Fosnaugh's concept never materialized. But Bluffwalk through downtown opened last year to complete much of Jones's vision.
Developers, consultants and planners through the 1970s proposed, but never funded, massive projects for the river bluff. A "New Promenade" concept would have relied on urban renewal methods to assemble large parcels of property for redevelopment in 18 square blocks in the central business district. A project called the Promenade Gateway in 1975 offered developers the chance to build apartments on the promenade if legal problems were resolved. The project never materialized.
Today, downtown workers and visitors park in vast numbers on the original Promenade. Drivers can slip into large city-metered paved lots, the uneven and unmetered cobblestone landing and three public parking garages.
Travelers also pull into the Tennessee Welcome Center on the river's edge where statues of Elvis Presley and B. B. King stand indoors. The center opened in 1996. From there to The Pyramid and Auction is an asphalt field for parking, below Interstate 40 and its ramps.
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Consultants who studied Main Street Mall this winter for the Center City Commission proposed relocating the downtown library and Front Street post office onto Court Square. The historic properties then could become a fine arts high school, museum or other facility, they said.
Current occupants had mixed reactions to the idea. Don Marshall, Memphis postmaster for two years, said the Customs House is almost fully occupied by 100-150 Postal Service employees.
"There are no plans right now for us to even think about vacating that building," Marshall said. "We own that building. If we moved, we'd have to lease space."
Judith Drescher, director of the Public Library and Information Center, was pleased with the mall consultants' idea to make a branch library part of a proposed renovation of Court Square and its surrounding buildings. She's eager to move from the decrepit Cossitt building, where street people used the front fountain as a bathtub and vandals twice beheaded the fountain's sculptured reader.
To modernize and renovate Cossitt's 80,000 square feet as a mixed-use property was estimated to cost up to $6 million 10 years ago. Librarians use only one-eighth of it.
All Drescher wants is 25,000-30,000 square feet, on one level, to serve downtown workers: "We need someone who would renovate an entire building and let us use the bottom for a branch library."
Mall planners didn't reach to the fire station on Front, but the Riverfront Development Corp. probably will. The station is on a parcel that was the subject of a Promenade lawsuit in the early 1960s, when the city negotiated to lease or sell the property to local investors who wanted to construct a hotel. Mid-South Title Co. refused to insure the city's claim. The city went to court.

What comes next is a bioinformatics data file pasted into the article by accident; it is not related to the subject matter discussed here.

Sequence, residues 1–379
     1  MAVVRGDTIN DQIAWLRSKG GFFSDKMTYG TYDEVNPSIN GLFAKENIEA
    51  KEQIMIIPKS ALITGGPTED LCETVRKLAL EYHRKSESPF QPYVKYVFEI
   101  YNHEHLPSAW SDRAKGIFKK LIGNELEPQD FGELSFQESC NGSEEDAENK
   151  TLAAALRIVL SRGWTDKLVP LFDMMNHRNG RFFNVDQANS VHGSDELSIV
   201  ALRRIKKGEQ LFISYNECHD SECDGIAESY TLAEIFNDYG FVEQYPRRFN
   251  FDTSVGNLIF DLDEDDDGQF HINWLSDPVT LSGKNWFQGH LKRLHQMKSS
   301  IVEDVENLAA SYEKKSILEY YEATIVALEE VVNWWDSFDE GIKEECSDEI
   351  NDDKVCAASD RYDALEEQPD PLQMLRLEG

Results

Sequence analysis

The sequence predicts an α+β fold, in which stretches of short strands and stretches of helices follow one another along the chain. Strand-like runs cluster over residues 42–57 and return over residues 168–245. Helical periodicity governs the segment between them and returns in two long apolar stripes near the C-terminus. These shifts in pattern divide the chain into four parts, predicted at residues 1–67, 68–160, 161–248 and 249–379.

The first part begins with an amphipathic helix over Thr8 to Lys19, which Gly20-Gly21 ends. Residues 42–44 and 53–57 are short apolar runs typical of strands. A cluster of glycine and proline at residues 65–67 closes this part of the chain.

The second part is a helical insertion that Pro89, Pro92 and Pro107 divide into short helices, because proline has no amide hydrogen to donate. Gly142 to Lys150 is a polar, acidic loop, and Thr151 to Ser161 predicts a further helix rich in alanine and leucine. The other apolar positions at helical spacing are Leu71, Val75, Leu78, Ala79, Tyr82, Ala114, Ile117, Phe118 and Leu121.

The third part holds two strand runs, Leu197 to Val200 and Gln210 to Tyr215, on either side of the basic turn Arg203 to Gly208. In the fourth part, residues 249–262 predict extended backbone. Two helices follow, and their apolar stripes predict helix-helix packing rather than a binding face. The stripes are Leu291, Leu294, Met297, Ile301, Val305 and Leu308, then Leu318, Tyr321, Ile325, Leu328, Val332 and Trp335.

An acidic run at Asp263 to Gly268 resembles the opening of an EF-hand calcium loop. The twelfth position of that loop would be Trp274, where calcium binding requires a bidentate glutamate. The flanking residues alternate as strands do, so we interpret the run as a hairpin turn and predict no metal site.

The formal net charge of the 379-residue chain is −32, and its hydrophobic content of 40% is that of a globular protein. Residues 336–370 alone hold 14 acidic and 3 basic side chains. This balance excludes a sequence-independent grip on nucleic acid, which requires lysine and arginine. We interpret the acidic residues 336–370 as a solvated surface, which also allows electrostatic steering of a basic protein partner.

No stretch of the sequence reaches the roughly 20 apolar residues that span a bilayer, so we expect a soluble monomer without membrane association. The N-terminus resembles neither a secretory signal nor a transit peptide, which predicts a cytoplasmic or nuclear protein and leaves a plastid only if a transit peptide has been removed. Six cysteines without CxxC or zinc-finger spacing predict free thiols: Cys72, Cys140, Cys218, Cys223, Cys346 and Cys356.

A chancellor ruled the city held title to the land. The court of appeals reversed him, and was upheld by the Tennessee Supreme Court in 1965. The upper courts ruled that the heirs held title, so the city could not agree to a private use.
Fire Department Deputy Director J. C. Fleming said fire officials have met with no one to discuss a move and have begun no study for a new site for the station, which also is home to the department's top brass. "This land only belongs to us as long as a fire station is on it," said Fleming.
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Under the leadership of Stokes, Memphis Redbirds Foundation co-founder Kristi Jernigan and former Public Works director Benny Lendermon, the Riverfront Development Corp. is negotiating with the city to take management and development control of the public waterfront from Wolf River on the north to Chickasaw Heritage Park and Indian Mounds on the south.
Later this week the RDC board will select a consulting team to hold public hearings and devise a master plan for development of Memphis's riverfront over the next 10-15 years. In coming weeks, the board is expected to approve a contractor for the $4.5 million Cobblestone Walkway project delayed more than three years by the minority contractors' lawsuit against the city.
A walkway 14 feet wide and 2,000 feet long will link Jefferson Davis Park and the Tennessee Welcome Center with Tom Lee Park along the western edge of Riverside Drive. A plaza at the foot of Union will overlook the harbor.
The UrbanArt Commission is overseeing selection of artists or architects to design three shade structures along the Cobblestone Walkway. Proposals are due Sept. 1.
By fall, a local design and engineering team should complete plans for a $3.3. million redesign of Riverside Drive aimed at slowing traffic and enabling pedestrians to reach the river. Headed by architect Frank Ricks of Looney Ricks Kiss, the team includes PDR Engineers Inc. and landscape architects Ritchie Smith Associates. The project will construct a 6- to 10-foot-wide median to be heavily landscaped, to narrow and slow traffic on the four-lane route.
At the extreme south end, brick pavers, landscaping and signs will alert drivers that they are entering a new environment. RDC would like to have the cobblestone and Riverside Drive projects "substantially completed" by Memphis in May 2001, Lendermon said.
The RDC board has no specific dream for the Promenade land, Lendermon said, but is convinced that the area is a barrier separating the riverfront from downtown.
"We just would like to explore the possibility of some type of development that would knit the riverfront to downtown," he said. "Whether it's totally public, whether it's mixed use, whether it's development that's in partnership with the Overtons, we don't know."
Copyright 2000 The Commercial Appeal, Memphis, TN